Vizag gas leak: India must review its compensatory regime – analysis
The May 7 gas leak at the LG polymer plant in Vizag killed a dozen and injured more than 1,000. With the situation now under control, the recurring fear of the magnitude of the recurring Bhopal gas tragedy has diminished. But the accident reminds us of India’s inadequate legislative framework for dealing with industrial accidents.
Following the Bhopal gas leak, various laws on industrial accidents were passed, for example, the Environmental Protection Act of 1986; the Hazardous Waste Management Rules (Handling and Handling); Storage and importation of dangerous chemical products in 1985, and the Factory Law of 1948 was modified in 1987. But great gaps still persist.
The 1991 Civil Liability Insurance Law (PLI Law) was implemented to ensure that victims of such accidents receive adequate compensation, immediately. In fact, in the Bhopal tragedy, the Union of India (UoI) took over the litigation of individual victims and also enacted the Bhopal Gas Leakage Disaster (Claims Processing) Act, 1985. The dispute eventually it was resolved with the Union Carbide and he was ordered to pay $ 470 million. This agreement, without consulting the victims, was challenged by public interest litigation (PIL) in the case of Charan Lal Sahu. But the court rejected the PIL and proceeded to keep the compensation under the Claims Act of 1985.
Given that the settlement money is inadequate and inconsistencies in the number of victims of the tragedy, the amount of compensation is up for debate even now, some 36 years after the incident. A curative petition is pending before the Supreme Court (SC).
The insufficiency of compensation under the PLI Act, which is the only legislation we have to compensate victims of tragedies like Bhopal and Vizag, is best highlighted by the amount offered. In case of death or permanent disability, the compensation offered is Rs 25,000, along with a maximum of Rs 12,500 for medical expenses and Rs 6000 in case of property damage. In case of loss of wages, the victim receives 1,000 rupees per month for three months.
To meet these liabilities, factory owners must have insurance coverage, but it is capped at Rs 50 crore, regardless of unit size. These limits were established in 1992. Three decades later, the amount of compensation remains the same.
In customary civil liability law (developed through judgments in England and followed in India in the absence of any legal law), there are two general principles of liability.
One, strict liability, which makes the owner of the industry dealing with dangerous substances responsible for any damage to its full extent, subject to certain exceptions, such as an act of God.
Two, absolute responsibility, which does not recognize exceptions and, regardless of failures, makes the owner responsible for any damage to its full extent. The principle of absolute responsibility was adopted by the SC in the MC Mehta case in 1987.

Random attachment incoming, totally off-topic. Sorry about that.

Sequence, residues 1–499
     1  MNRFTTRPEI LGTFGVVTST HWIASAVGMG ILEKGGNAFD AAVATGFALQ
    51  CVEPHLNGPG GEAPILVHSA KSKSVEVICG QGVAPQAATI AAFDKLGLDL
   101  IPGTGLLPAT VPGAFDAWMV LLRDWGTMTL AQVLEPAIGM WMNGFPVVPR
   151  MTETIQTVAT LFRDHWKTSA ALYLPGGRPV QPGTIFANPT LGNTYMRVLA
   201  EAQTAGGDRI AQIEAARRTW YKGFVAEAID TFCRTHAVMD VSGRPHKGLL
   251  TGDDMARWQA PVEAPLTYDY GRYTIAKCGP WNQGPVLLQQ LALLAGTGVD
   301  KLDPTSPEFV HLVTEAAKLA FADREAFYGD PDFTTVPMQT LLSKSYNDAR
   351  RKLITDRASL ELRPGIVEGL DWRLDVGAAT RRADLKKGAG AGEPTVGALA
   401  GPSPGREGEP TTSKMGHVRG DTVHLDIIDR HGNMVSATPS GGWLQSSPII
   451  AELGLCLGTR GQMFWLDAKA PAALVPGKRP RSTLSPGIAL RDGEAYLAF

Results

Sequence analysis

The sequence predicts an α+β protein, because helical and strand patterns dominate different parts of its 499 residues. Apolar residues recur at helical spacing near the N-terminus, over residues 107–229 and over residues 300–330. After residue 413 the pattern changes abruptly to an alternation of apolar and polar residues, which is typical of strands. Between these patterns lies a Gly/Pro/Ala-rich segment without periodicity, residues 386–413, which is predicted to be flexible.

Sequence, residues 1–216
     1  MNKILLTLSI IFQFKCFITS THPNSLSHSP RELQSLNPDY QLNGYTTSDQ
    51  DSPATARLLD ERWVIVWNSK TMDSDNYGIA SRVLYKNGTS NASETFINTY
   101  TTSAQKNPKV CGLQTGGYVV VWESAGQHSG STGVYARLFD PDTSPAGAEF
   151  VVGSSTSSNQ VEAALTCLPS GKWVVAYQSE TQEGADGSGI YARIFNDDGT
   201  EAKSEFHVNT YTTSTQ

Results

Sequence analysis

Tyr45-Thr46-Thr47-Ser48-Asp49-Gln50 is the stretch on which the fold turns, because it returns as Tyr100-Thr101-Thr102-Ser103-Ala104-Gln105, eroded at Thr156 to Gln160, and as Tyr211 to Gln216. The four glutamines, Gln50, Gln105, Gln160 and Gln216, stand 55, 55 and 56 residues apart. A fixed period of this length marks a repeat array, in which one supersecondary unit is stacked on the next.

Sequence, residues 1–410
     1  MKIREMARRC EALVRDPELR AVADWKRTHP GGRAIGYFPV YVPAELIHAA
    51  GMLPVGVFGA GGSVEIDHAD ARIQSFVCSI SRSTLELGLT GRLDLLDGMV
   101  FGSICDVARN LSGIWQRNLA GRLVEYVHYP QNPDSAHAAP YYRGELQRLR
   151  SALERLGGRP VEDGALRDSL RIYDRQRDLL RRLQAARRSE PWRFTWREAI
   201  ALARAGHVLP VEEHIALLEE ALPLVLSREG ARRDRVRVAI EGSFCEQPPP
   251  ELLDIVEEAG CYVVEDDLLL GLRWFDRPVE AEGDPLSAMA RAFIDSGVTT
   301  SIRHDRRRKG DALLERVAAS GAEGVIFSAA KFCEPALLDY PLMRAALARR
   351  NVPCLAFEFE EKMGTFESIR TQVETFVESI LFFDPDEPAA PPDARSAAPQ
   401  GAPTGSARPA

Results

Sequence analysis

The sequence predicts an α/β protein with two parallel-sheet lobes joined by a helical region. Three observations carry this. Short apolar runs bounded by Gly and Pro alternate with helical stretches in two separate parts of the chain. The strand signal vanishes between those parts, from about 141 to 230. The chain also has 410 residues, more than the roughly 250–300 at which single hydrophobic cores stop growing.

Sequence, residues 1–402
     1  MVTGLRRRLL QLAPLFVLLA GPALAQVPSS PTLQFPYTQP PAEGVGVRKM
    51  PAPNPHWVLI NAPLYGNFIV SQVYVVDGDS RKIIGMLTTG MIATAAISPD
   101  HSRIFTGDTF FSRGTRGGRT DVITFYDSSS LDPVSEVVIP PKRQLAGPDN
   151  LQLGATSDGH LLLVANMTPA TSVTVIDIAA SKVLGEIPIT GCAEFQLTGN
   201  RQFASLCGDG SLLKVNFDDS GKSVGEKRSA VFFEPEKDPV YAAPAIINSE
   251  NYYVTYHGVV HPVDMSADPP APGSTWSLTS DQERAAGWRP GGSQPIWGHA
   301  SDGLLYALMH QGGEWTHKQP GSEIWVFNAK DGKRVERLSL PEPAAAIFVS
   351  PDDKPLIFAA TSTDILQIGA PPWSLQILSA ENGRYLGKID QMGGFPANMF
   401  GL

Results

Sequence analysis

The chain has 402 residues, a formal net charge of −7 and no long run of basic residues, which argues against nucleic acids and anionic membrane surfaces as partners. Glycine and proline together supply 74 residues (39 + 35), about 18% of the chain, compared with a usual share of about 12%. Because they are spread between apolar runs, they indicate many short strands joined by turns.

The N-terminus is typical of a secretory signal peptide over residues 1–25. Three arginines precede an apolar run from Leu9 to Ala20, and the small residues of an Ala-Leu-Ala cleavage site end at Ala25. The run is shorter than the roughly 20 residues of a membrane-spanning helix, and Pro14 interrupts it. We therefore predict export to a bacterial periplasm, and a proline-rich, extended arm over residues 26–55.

By prescribing a limit of liability and restricting the scope of the general legal principle of quantification of damages under absolute liability, the PLI Act acts as a legal regime that helps the owners of the industry instead of the victims.
In 1992, an Environmental Aid Fund was created by modifying the PLI Law. However, the notification of the fund and the formulation of its rules took 16 years. So far, the government has not announced any steps to use the fund.
Victims can also go to the National Green Court (NGT) for compensation and, pursuant to Section 15 of the 2010 NGT Act, may award compensation in addition to the PLI Act.
On May 8, the NGT proceeded to learn suo motu of the Vizag flight and imposed a provisional sanction of Rs 50 crore on the company. The order said: “… The leakage of dangerous gas on such a scale as to adversely affect public health and the environment clearly attracts the principle of” strict liability “against the company engaged in a dangerous or inherently dangerous industry. is responsible for restoring the damage caused by the Environment Law, in addition to other legal responsibilities. “
But NGT appears to have proceeded with a diluted principle of liability, that is, strict liability and not absolute liability.
Clearly, with industrialization and a growing number of industries using hazardous substances, our legislative framework has been unable to keep up with changing times. It is also steeped in a one-dimensional and outdated perspective that considers compensation only in monetary terms, without taking into account all other facets such as the mental and physical well-being and rehabilitation of victims, their medical care and proper employment. But with meager compensation and inadequate insurance provisions, the system fails even in its monetary aspects.
It is time for policymakers to review current rehabilitation laws to ensure the protection, dignity and well-being of citizens.
Amit Anand Tiwari is a registered advocate with the Supreme Court
The opinions expressed are personal.